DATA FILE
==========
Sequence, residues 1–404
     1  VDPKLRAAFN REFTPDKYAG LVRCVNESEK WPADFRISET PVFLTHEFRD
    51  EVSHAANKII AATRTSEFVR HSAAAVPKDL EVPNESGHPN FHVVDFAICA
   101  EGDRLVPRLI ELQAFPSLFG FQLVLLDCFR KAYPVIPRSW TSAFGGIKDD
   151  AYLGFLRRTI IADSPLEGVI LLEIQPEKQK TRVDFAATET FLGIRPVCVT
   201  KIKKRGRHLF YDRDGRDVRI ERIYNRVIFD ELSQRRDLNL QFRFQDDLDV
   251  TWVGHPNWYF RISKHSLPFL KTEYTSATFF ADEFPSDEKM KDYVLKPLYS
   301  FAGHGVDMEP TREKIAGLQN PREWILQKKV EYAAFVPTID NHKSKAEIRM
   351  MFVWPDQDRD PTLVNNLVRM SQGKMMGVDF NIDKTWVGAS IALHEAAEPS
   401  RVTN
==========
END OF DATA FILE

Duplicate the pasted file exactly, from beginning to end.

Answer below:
Sequence, residues 1–404
     1  VDPKLRAAFN REFTPDKYAG LVRCVNESEK WPADFRISET PVFLTHEFRD
    51  EVSHAANKII AATRTSEFVR HSAAAVPKDL EVPNESGHPN FHVVDFAICA
   101  EGDRLVPRLI ELQAFPSLFG FQLVLLDCFR KAYPVIPRSW TSAFGGIKDD
   151  AYLGFLRRTI IADSPLEGVI LLEIQPEKQK TRVDFAATET FLGIRPVCVT
   201  KIKKRGRHLF YDRDGRDVRI ERIYNRVIFD ELSQRRDLNL QFRFQDDLDV
   251  TWVGHPNWYF RISKHSLPFL KTEYTSATFF ADEFPSDEKM KDYVLKPLYS
   301  FAGHGVDMEP TREKIAGLQN PREWILQKKV EYAAFVPTID NHKSKAEIRM
   351  MFVWPDQDRD PTLVNNLVRM SQGKMMGVDF NIDKTWVGAS IALHEAAEPS
   401  RVTN